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What's in store for the future of Turkish-Israeli relations?

After trying to mend Israeli-Turkish relations and ahead of the Turkish general elections set for November, President Recep Tayyip Erdogan has reverted to attacking Israel.

Where is Salah al-Arouri these days? Where is the Hamas activist Israel claims has turned Turkey into a base for planning, funding and launching terror attacks in Gaza and the West Bank? It depends on who you ask. Several months ago, Arouri traveled from Turkey to one of the Gulf states in what was perceived in Jerusalem as a Turkish response to Israeli protests against the warm and supportive hospitality he was granted in Istanbul. These objections were conveyed through the few diplomatic and intelligence channels still operating between the two countries, American and European mediators and public statements.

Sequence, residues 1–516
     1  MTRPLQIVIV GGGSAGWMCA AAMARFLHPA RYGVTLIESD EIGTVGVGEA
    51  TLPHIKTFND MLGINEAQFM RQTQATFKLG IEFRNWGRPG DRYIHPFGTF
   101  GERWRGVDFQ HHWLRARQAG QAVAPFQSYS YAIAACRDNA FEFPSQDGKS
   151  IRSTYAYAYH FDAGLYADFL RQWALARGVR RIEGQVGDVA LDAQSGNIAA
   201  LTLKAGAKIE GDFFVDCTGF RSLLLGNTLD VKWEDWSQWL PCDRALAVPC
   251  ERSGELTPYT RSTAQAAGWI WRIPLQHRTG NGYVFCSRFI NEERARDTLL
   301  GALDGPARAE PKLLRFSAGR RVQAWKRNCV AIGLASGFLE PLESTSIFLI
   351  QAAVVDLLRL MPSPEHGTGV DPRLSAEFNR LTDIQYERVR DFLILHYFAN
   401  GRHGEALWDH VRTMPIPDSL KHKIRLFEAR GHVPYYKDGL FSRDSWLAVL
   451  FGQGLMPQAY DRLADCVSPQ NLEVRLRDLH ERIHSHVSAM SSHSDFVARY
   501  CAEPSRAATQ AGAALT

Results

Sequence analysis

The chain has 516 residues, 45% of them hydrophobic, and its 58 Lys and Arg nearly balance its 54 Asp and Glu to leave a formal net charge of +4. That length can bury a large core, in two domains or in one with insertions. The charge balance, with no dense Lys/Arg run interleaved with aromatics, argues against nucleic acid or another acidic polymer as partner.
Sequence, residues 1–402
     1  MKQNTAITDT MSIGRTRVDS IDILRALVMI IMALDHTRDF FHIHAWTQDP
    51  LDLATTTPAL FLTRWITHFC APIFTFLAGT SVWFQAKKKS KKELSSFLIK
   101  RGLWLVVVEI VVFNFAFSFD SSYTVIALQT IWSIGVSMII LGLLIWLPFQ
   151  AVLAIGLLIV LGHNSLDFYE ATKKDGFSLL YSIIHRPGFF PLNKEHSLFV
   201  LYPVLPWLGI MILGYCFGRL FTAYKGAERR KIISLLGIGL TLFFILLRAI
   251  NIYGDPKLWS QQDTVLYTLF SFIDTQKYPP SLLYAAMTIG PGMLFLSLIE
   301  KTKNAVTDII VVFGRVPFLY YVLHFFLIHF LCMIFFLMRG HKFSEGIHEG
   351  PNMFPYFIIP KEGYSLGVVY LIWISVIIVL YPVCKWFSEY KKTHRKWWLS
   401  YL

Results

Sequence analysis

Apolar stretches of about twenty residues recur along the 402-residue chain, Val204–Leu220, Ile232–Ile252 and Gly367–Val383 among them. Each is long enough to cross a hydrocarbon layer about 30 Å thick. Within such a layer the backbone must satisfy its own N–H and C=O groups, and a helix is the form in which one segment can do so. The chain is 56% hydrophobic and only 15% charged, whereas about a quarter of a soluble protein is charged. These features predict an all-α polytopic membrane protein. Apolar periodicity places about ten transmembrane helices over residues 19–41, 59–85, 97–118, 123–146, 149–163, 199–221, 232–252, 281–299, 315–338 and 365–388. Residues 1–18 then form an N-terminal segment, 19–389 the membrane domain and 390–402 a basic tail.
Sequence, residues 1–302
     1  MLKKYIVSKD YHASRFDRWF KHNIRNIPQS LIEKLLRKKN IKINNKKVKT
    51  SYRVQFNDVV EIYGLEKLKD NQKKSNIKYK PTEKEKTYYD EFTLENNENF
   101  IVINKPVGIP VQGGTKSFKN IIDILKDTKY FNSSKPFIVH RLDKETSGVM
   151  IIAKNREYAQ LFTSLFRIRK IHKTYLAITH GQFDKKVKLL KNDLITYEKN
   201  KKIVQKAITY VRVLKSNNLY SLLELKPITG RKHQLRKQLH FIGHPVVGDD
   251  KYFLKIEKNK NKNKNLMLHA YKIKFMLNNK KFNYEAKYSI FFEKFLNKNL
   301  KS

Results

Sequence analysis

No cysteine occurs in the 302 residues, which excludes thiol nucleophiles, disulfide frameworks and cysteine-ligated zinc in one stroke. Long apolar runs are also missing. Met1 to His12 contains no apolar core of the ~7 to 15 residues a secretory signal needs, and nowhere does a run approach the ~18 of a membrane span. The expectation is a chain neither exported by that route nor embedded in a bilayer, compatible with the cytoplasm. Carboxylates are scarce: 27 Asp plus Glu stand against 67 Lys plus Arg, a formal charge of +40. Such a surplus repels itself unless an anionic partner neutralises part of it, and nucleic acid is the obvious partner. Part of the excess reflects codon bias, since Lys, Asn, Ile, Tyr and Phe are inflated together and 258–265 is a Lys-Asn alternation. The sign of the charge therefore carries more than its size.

In recent weeks, top Israeli defense and diplomatic sources have told me that Arouri is back in Turkey and has renewed his activity there, for which Israel holds Ankara fully responsible. Senior Turkish diplomatic sources speaking to Al-Monitor on condition of anonymity flatly rejected these claims. According to them, "Arouri left Turkey and has not returned. Israel’s claims are baseless.” Not only that; as far as Ankara is concerned, its insistence on keeping Arouri away from Turkey is yet another in a series of goodwill gestures toward Israel aimed at advancing the process of normalizing ties between the two states.

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